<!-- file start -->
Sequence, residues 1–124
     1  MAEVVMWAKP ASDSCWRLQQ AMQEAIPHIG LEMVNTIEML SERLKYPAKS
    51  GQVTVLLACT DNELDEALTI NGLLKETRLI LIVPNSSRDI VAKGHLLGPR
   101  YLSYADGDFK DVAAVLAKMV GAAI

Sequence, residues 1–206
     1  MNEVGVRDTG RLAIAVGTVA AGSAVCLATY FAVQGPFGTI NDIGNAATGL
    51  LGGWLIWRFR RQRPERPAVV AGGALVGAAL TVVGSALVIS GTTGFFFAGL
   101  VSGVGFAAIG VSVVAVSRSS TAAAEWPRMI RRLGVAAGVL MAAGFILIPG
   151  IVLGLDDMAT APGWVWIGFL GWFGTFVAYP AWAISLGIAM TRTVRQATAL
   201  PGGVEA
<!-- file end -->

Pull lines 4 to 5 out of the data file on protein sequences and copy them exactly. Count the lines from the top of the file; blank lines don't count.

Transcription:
   101  YLSYADGDFK DVAAVLAKMV GAAI

Sequence, residues 1–206